\( b+b_1/a_1+\cdots+b_r/a_r=1/(a_1\cdots a_r). \)
 (There is always a way to choose the b′s, and the homology sphere does not depend (up to isomorphism) on the choice of b′s.) If r is at most 2 this is just the usual 3sphere; otherwise they are distinct nontrivial homology spheres. If the a′s are 2, 3, and 5 this gives the Poincaré sphere. If there are at least 3 a′s, not 2, 3, 5, then this is an acyclic homology 3sphere with infinite fundamental group that has a Thurston geometry modeled on the universal cover of SL_{2}(R).
Invariants
The Rokhlin invariant is a Z/2Z valued invariant of homology 3spheres.
The Casson invariant is an integer valued invariant of homology 3spheres, whose reduction mod 2 is the Rokhlin invariant.
Applications
If A is a homology 3sphere not homeomorphic to the standard 3sphere, then the suspension of A is an example of a 4dimensional homology manifold that is not a topological manifold. The double suspension of A is homeomorphic to the standard 5sphere, but its triangulation (induced by some triangulation of A) is not a PL manifold. In other words, this gives an example of a finite simplicial complex that is a topological manifold but not a PL manifold. (It is not a PL manifold because the link of a point is not always a 4sphere.)
Galewski and Stern showed that all compact topological manifolds (without boundary) of dimension at least 5 are homeomorphic to simplicial complexes if and only if there is a homology 3 sphere Σ with Rokhlin invariant 1 such that the connected sum Σ#Σ of Σ with itself bounds a smooth acyclic 4manifold. As of 2013 the existence of such a homology 3sphere was an unsolved problem. On March 11, 2013, Ciprian Manolescu posted a preprint on the ArXiv[4] claiming to show that there is no such homology sphere with the given property, and therefore, there are 5manifolds not homeomorphic to simplicial complexes. In particular, the example originally given by Galewski and Stern (see Galewski and Stern, A universal 5manifold with respect to simplicial triangulations, in Geometric Topology (Proceedings Georgia Topology Conference, Athens Georgia, 1977, Academic Press, New York, pp 345–350)) is not triangulable.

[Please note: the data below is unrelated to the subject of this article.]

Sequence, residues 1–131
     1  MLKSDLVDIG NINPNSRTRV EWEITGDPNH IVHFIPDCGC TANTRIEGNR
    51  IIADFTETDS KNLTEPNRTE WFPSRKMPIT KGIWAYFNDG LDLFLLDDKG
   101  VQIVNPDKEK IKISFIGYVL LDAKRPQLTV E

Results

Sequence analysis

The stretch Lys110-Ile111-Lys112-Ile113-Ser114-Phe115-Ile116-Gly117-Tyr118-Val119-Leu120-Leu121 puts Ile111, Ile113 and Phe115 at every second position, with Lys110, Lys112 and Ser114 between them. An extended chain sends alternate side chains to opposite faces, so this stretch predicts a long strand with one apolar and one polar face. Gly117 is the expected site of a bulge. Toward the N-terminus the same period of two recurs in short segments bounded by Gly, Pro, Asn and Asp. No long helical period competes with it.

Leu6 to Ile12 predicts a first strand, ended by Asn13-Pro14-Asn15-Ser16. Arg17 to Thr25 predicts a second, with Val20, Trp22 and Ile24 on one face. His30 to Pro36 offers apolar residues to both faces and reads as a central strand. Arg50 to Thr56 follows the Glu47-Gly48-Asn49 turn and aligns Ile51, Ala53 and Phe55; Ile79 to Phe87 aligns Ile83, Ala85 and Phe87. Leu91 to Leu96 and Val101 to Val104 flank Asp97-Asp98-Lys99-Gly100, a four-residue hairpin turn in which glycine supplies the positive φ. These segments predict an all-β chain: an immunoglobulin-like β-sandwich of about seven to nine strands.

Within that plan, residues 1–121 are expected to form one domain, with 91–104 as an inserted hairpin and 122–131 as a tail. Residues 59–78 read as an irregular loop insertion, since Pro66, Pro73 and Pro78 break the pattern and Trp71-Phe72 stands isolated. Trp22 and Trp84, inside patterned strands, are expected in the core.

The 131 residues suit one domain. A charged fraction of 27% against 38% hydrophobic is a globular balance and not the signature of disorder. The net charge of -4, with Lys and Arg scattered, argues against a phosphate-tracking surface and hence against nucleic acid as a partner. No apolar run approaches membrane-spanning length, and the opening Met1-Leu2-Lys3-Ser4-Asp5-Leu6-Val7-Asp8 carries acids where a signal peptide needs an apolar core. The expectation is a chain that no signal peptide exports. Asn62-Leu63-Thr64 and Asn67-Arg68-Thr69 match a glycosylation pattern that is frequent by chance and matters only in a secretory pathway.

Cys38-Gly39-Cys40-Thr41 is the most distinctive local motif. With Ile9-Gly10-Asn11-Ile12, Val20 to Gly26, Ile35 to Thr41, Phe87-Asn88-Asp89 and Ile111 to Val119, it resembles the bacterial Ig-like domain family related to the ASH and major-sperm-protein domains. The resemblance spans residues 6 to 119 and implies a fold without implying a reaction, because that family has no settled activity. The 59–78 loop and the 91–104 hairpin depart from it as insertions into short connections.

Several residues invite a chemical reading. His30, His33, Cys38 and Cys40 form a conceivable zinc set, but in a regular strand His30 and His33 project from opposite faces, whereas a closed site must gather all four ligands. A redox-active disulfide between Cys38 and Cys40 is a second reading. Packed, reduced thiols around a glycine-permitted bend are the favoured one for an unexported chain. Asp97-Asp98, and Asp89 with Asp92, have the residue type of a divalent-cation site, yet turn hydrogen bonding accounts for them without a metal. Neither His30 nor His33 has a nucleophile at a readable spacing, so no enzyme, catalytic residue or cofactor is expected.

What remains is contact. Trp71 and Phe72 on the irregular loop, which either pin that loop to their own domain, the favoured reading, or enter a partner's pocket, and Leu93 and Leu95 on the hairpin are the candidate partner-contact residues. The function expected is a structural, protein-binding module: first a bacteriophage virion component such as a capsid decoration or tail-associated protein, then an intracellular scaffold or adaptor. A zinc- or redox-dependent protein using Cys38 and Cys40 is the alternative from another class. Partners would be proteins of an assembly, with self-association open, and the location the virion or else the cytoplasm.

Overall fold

References
"Is the universe a dodecahedron?", article at PhysicsWorld.
Luminet, JeanPierre; Jeff Weeks, Alain Riazuelo, Roland Lehoucq, JeanPhillipe Uzan (20031009). "Dodecahedral space topology as an explanation for weak wideangle temperature correlations in the cosmic microwave background". Nature 425 (6958): 593–595. arXiv:astroph/0310253. Bibcode:2003Natur.425..593L. doi:10.1038/nature01944. PMID 14534579.
Roukema, Boudewijn; Zbigniew Buliński; Agnieszka Szaniewska; Nicolas E. Gaudin (2008). "A test of the Poincare dodecahedral space topology hypothesis with the WMAP CMB data". Astronomy and Astrophysics 482 (3): 747–753. arXiv:0801.0006. Bibcode:2008A&A...482..747L. doi:10.1051/00046361:20078777.
Manolescu, Ciprian. "Pin(2)equivariant SeibergWitten Floer homology and the Triangulation Conjecture". arXiv:1303.2354. To appear in Journal of the AMS.
Selected reading
Emmanuel Dror, Homology spheres, Israel Journal of Mathematics 15 (1973), 115–129. MR 0328926
David Galewski, Ronald Stern Classification of simplicial triangulations of topological manifolds, Annals of Mathematics 111 (1980), no. 1, pp. 1–34.
Robion Kirby, Martin Scharlemann, Eight faces of the Poincaré homology 3sphere. Geometric topology (Proc. Georgia Topology Conf., Athens, Ga., 1977), pp. 113–146, Academic Press, New YorkLondon, 1979.
Michel Kervaire, Smooth homology spheres and their fundamental groups, Transactions of the American Mathematical Society 144 (1969) 67–72. MR 0253347
Nikolai Saveliev, Invariants of Homology 3Spheres, Encyclopaedia of Mathematical Sciences, vol 140. LowDimensional Topology, I. SpringerVerlag, Berlin, 2002. MR 1941324 ISBN 3540437967
External links
A 16Vertex Triangulation of the Poincaré Homology 3Sphere and NonPL Spheres with Few Vertices by Anders Björner and Frank H. Lutz
Lecture by David Gillman on The best picture of Poincare's homology sphere
A cosmic hall of mirrors  physicsworld (26 Sep 2005)
Undergraduate Texts in Mathematics
Graduate Studies in Mathematics